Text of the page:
Intranasal Delivery of Mesenchymal Stromal Cells Protects against Neonatal Hypoxic⁻Ischemic Brain Injury

Courtney A. McDonald, Zlatikha Djuliannisaa, Maria Petraki, Madison C.B. Paton, Tayla R. Penny, Amy E. Sutherland, Margie Castillo-Melendez, Iona Novak, Graham Jenkin, Michael C. Fahey, Suzanne L. Miller

Research output: Contribution to journalArticleResearchpeer-review

Abstract

Cerebral palsy (CP) is a permanent motor disorder that results from brain injury and neuroinflammation during the perinatal period. Mesenchymal stromal cells (MSCs) have been explored as a therapy in multiple adult neuroinflammatory conditions. Our study examined the therapeutic benefits of intranasal delivery of human umbilical cord tissue (UC) derived-MSCs in a rat model of neonatal hypoxic-ischemic (HI) brain injury. To do this, HI was performed on postnatal day 10 Sprague-Dawley rat pups via permanent ligation of the left carotid artery, followed by a hypoxic challenge of 8% oxygen for 90 min. A total of 200,000 UC-MSCs (10 million/kg) were administered intranasally 24 h post-HI. Motor control was assessed after seven days, followed by post-mortem. Analysis included brain immunohistochemistry, gene analysis and serum cytokine measurement. Neonatal HI resulted in brain injury with significant loss of neurons, particularly in the hippocampus. Intranasal administration of UC-MSCs significantly reduced the loss of brain tissue and increased the number of hippocampal neurons. HI significantly upregulated brain inflammation and expression of pro-inflammatory cytokines, while intranasal UC-MSCs significantly reduced markers of neuroinflammation. This study demonstrated that a clinically relevant dose (10 million/kg) of UC-MSCs was neuroprotective following HI by restoring neuronal cell numbers and reducing brain inflammation. Therefore, intranasal delivery of UC-MSCs may be an effective therapy for neonatal brain injury.

Original languageEnglish
Article number2449
Number of pages15
JournalInternational Journal of Molecular Sciences
Volume20
Issue number10
DOIs
Publication statusPublished - 17 May 2019

Keywords

  • cerebral palsy
  • cord tissue cells
  • mesenchymal stem cells
  • neurodevelopment
  • perinatal brain injury

Cite this

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title = "Intranasal Delivery of Mesenchymal Stromal Cells Protects against Neonatal Hypoxic⁻Ischemic Brain Injury",
abstract = "Cerebral palsy (CP) is a permanent motor disorder that results from brain injury and neuroinflammation during the perinatal period. Mesenchymal stromal cells (MSCs) have been explored as a therapy in multiple adult neuroinflammatory conditions. Our study examined the therapeutic benefits of intranasal delivery of human umbilical cord tissue (UC) derived-MSCs in a rat model of neonatal hypoxic-ischemic (HI) brain injury. To do this, HI was performed on postnatal day 10 Sprague-Dawley rat pups via permanent ligation of the left carotid artery, followed by a hypoxic challenge of 8{\%} oxygen for 90 min. A total of 200,000 UC-MSCs (10 million/kg) were administered intranasally 24 h post-HI. Motor control was assessed after seven days, followed by post-mortem. Analysis included brain immunohistochemistry, gene analysis and serum cytokine measurement. Neonatal HI resulted in brain injury with significant loss of neurons, particularly in the hippocampus. Intranasal administration of UC-MSCs significantly reduced the loss of brain tissue and increased the number of hippocampal neurons. HI significantly upregulated brain inflammation and expression of pro-inflammatory cytokines, while intranasal UC-MSCs significantly reduced markers of neuroinflammation. This study demonstrated that a clinically relevant dose (10 million/kg) of UC-MSCs was neuroprotective following HI by restoring neuronal cell numbers and reducing brain inflammation. Therefore, intranasal delivery of UC-MSCs may be an effective therapy for neonatal brain injury.",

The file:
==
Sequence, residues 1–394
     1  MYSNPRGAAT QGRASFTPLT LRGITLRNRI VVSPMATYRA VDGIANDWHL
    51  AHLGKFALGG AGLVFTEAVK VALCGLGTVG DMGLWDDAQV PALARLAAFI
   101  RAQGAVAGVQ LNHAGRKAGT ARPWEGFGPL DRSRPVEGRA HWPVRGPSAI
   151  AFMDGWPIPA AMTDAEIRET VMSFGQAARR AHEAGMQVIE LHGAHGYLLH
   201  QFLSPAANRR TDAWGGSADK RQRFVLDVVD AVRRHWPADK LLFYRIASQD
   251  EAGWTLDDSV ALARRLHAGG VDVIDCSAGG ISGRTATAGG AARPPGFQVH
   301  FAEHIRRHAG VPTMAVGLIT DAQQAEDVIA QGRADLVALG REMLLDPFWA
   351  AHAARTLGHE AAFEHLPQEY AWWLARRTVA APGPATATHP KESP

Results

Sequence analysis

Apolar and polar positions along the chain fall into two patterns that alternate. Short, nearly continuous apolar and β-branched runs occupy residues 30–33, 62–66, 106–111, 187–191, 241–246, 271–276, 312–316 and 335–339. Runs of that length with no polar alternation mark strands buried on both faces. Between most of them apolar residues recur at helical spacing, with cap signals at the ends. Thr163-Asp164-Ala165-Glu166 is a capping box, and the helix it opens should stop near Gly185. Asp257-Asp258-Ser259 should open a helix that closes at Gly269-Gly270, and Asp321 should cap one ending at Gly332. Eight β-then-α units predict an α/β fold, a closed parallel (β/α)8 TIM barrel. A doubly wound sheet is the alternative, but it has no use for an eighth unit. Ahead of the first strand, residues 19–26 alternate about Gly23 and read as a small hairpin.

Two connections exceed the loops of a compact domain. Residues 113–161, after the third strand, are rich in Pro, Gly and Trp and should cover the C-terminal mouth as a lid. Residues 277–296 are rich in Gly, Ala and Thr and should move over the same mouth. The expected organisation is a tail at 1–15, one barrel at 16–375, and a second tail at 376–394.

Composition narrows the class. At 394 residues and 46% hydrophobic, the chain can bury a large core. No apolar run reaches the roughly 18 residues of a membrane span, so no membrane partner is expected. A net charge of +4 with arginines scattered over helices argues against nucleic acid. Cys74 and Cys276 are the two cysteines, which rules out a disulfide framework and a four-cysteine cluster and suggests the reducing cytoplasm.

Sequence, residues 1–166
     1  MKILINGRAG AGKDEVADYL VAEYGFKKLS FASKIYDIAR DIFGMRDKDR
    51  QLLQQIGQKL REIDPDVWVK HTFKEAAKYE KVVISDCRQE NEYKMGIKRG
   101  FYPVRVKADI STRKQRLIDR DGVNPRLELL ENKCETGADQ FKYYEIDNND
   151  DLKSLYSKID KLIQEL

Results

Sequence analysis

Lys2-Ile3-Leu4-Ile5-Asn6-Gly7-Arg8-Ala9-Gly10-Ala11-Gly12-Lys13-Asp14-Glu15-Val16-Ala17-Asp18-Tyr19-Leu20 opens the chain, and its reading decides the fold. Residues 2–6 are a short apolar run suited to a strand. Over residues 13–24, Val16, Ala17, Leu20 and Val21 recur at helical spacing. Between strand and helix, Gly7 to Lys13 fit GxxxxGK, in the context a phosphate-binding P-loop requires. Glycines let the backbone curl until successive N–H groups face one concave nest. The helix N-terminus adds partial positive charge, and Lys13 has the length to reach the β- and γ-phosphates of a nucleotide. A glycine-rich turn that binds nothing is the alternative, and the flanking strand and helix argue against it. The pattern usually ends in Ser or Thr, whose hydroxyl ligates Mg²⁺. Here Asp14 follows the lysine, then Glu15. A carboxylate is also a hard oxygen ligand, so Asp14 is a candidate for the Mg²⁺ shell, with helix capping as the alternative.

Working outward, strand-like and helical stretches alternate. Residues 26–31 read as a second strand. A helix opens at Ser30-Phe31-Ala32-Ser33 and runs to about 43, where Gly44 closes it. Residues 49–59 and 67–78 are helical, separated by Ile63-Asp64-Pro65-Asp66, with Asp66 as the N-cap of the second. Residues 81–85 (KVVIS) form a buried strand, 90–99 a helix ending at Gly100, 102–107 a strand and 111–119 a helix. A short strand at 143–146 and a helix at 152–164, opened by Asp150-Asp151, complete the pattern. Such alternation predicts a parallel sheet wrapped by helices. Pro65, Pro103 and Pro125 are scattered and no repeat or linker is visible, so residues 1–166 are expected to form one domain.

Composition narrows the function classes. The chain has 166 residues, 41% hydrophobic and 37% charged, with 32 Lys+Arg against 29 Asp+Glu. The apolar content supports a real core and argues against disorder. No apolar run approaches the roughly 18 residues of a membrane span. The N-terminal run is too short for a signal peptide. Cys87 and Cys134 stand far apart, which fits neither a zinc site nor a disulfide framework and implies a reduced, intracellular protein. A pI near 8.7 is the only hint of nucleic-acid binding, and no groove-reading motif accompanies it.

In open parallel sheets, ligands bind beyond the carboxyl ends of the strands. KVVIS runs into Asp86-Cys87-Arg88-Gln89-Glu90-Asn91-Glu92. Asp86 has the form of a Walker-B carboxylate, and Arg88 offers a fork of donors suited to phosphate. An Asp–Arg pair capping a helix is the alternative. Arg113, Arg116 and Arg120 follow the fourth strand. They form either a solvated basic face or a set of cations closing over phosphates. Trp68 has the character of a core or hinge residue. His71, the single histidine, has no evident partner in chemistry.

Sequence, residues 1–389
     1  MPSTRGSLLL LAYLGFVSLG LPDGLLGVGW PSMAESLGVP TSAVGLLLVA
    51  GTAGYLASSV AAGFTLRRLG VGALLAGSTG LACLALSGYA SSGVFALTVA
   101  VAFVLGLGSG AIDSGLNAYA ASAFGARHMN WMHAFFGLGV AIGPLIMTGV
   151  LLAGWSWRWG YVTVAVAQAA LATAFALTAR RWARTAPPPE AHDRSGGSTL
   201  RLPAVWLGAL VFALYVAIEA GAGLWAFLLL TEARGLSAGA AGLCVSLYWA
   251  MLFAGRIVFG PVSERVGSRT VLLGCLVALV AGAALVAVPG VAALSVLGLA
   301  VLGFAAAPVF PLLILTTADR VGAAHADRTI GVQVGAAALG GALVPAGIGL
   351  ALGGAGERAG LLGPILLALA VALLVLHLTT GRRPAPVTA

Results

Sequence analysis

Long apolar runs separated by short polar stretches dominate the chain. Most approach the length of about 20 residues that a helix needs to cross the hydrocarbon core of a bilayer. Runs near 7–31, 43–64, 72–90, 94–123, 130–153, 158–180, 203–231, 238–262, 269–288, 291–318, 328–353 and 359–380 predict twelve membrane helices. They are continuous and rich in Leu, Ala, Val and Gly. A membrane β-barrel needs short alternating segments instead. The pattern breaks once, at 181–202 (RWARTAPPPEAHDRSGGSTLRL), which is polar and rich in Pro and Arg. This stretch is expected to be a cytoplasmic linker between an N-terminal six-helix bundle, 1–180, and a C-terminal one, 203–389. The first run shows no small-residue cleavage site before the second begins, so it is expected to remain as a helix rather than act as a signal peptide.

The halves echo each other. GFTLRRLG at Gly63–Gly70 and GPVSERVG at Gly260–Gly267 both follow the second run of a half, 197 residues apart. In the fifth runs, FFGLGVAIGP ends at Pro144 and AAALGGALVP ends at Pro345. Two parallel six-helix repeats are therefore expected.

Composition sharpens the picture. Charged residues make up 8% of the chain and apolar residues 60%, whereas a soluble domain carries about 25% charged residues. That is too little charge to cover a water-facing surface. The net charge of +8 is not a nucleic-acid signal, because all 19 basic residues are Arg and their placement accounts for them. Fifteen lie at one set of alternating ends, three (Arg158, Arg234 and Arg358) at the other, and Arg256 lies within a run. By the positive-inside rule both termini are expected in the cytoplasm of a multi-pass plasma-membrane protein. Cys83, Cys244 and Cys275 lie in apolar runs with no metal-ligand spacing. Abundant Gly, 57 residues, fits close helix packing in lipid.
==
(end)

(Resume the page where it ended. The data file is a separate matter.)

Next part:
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Intranasal Delivery of Mesenchymal Stromal Cells Protects against Neonatal Hypoxic⁻Ischemic Brain Injury. / McDonald, Courtney A.; Djuliannisaa, Zlatikha; Petraki, Maria; Paton, Madison C.B.; Penny, Tayla R.; Sutherland, Amy E.; Castillo-Melendez, Margie; Novak, Iona; Jenkin, Graham; Fahey, Michael C.; Miller, Suzanne L.